Gender inclusive Bibles cast women as “other” rather than part of the collective whole. God collectively named male and female “man” (Hebrew: ‘adam. See Gen. 5:2) to indicate that male and female would share a common condition for which He would provide a common answer. Because both male and female are ‘adam, both are equally represented by the first man, Adam. Both are fallen and in need of a Savior. The good news of the gospel is that both are also equally represented by the Second Man—the Last Adam—Jesus Christ. When God named male and female ‘adam, he had the Last Adam in mind. So when, in order to appease modern sensibilities, we change “man” to something we think is “more inclusive,” we diminish the theological meaning and exclude woman. If woman is not specifically identified as “man” then how can she be represented by the first man, Adam? What’s more, how can she be represented by the Second Man, the Last Adam, Jesus Christ? Gender inclusive Bibles are supposed to be more inclusive of women, but paradoxically, the language theologically does the exact opposite. It excludes women from the collective whole.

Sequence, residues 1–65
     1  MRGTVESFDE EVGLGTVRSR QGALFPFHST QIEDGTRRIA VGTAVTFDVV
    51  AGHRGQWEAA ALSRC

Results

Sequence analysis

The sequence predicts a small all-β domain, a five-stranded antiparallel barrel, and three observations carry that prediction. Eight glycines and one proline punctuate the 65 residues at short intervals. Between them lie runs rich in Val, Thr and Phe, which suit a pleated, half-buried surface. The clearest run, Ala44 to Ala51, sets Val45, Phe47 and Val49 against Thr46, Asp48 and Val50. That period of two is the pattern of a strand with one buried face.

My two cents
This is fantastic. Maybe the best I’ve ever read on why it’s wrong to interpret the word “man” as referring to males only.
How ironic that the modern-day attempt to be “inclusive” (by imposing new language conventions) misses the points that are well established by theology and the history of language. It’s another example of faulty presuppositions that are part of the furniture in feminism—and the importance of basing language on the Bible (instead of a self-righteous and moving target of political correctness).
When it comes to Bible translators (of the politically correct versions), I wonder if they’re well aware of the points in the quote, but choose to ignore them because they want a feminist linguistic agenda to override Biblical revelation.
I’m reminded of a time when using Google Street View with a work colleague. I said I would drag the “little man” off the toolbar (to get the street view happening). He tried to correct me by saying “little person” (followed by an awkward and forced smile)—but I ignored him. Now I can demonstrate that it was wrong of him to try that correction—if only I knew this quote at the time.
I’m also reminded of a schoolteacher who wanted students to say “sportspersonship” instead of “sportsmanship”. 20 years later, I realise that he was linguistically ignorant—and yet he was a teacher?
Kassian, M. (2011). 10 Reasons Why the New NIV is Bad for Women.Available: http://www.girlsgonewise.com/10-reasons-why-the-new-niv-is-bad-for-women/. Last accessed 17th Nov 2013.